How Often Does A Goat Need To Be Milked?

Nigerian dwarf goat from Critter Patch Farm, Massillon Ohio

Thinking about getting a dairy goat for the family milk supply? You already know that a big part of her care is milking! What about the specifics here? How often does a dairy goat need to be milked?

A dairy goat needs to be milked twice a day, every day of her lactation.

Your milking goat will need to be milked twice a day, every day for the entire time she is milking.

Dairy goats need milked twice a day on a schedule

A key to success with your dairy goat is to keep them on a schedule.

Goats love a schedule and will respond positively to the repetition, once they’ve seen it a few times.

What should your milking schedule look like? It should be twice a day, everyday of the week and 12 hours apart.

It doesn’t really matter what times you pick, for example: 6 a.m. and 6 p.m., or 9 a.m. and 9 p.m., just that you can be sure to get the milking done at these times.

Keeping an irregular milking schedule or no schedule at all will reduce the amount of milk you get from your goat.

This is a great explanation of choosing a dairy goat, with Nigerian Dwarf goat breeders Critter Patch Farm of Massillon, Ohio.

Goat milk production is based off supply and demand

Milk supply is based on supply and demand.

The milk is removed from the udder, by a nursing kid or you milking, and she will spend the next 12 hours replacing that missing milk.

This is natural, her body is made to refill the milk supply to keep her babies fed. When you milk her out, she is refilling the milk supply, as well.

If you want more details, here’s a great article on Dairy Goat Production, by Penn State Extension, which goes into management, breeds and nutrition.

Irregular milking schedules reduce your goat’s milk production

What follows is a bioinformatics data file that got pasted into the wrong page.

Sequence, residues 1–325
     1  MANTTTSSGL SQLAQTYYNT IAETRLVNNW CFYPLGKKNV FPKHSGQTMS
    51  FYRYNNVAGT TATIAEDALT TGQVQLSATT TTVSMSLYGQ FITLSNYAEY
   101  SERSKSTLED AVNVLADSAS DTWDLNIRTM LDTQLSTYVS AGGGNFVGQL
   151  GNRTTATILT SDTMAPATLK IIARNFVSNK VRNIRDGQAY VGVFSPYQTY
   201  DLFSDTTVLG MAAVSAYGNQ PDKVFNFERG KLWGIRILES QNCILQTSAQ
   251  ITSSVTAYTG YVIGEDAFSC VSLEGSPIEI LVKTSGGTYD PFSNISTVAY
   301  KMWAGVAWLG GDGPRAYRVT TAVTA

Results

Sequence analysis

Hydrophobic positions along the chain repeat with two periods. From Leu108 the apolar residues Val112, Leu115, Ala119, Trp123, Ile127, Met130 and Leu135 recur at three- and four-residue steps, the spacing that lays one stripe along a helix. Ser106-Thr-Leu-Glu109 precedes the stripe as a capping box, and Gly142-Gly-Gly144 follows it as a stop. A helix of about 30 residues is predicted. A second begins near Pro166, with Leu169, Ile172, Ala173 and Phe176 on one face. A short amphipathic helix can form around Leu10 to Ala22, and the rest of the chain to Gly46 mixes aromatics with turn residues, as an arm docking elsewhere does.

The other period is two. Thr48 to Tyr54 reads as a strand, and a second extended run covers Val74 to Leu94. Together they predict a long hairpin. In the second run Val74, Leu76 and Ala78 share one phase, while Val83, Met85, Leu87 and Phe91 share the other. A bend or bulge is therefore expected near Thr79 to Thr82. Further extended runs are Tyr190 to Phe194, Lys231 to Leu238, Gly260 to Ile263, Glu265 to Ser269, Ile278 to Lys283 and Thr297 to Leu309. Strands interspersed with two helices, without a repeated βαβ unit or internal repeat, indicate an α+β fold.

Milking only once a day or when ever you feel like it tells the goats body that she does not need to make as much milk next time.

She will reduce her milk production accordingly.

An irregular milking schedule will increase the likelihood that your doe will have problems, one of which could be mastitis.

All problems in a dairy animal will reduce milk production.

Once milk production goes down, it does not readily come back up to previous levels until the next lactation, meaning after more kids are born.

Length of lactation varies by goat

The length of lactation varies with the doe’s genetics, but it can be anywhere from 4-10 months.

Breeders that are using high quality genetics and concentrating their selection on a productive dairy goat will be have goat’s with a longer lactation.

These production focused breeders are the farms that you need to buy from if you want your diary goat to be a great milker and have a longer lactation.

Breeders who are selecting only for looks or are not paying attention to the genetics of their herd will be on the shorter end of the range.

While there is nothing wrong with breeding goats for looks only, be aware that this will not be the best milking genetics.

Choose a goat breeder that is milking the goats

Even if the breed you are considering is normally a dairy breed, make sure you buy from a breeder that is milking the goats and selecting for milking traits.

A good example here is the Nigerian Dwarf. Some herds are kept as pets, some as hobby herds for kid production and some as milkers.

Make sure you get your doe from a herd that focuses on milk production in the goats the are milking.

Goats from the pet or hobby focused herds will not be as productive as goats from a dairy focused herd.

For more information on Nigerian Dwarf goats specifically, read Nigerian Dwarf Goats, A Wonderful Goat In A Small Package.

You can milk any breed of goat

If you do not have dairy genetics available, consider milking the goat you have. Here’s a story for you:

My daughter was milking her Boer cross doe this summer. The goat, Asphodel, was milking fine as long as there was plenty of forage.

cross bred backyard goats, Boer and Kiko cross
Here’s Asphodel (on the right) and Cracker.

Once their yard started to falter, after the first frost, Asphodel’s milk production went down and they decided to stop milking her.

With supplementation, Asphodel would have continued to milk, but they decided against it and let her go dry (not milking).

They are happy to feed a 1st cutting hay, which does not have enough energy to support milking, and have some time off of milking until the next set of kids arrive.

The point to this story is that Asphodel is not a dairy goat, yet my daughter and her husband were getting more than enough milk for their needs from this one goat.

That’s a neat story that opens up the possibilities for your next goat.

I have to say, if you have diary goat genetics available, get them! A meat goat will never be the milker that a dairy goat will be.

But if you have to work with the goat you’ve got, give it a shot. You might be surprised.

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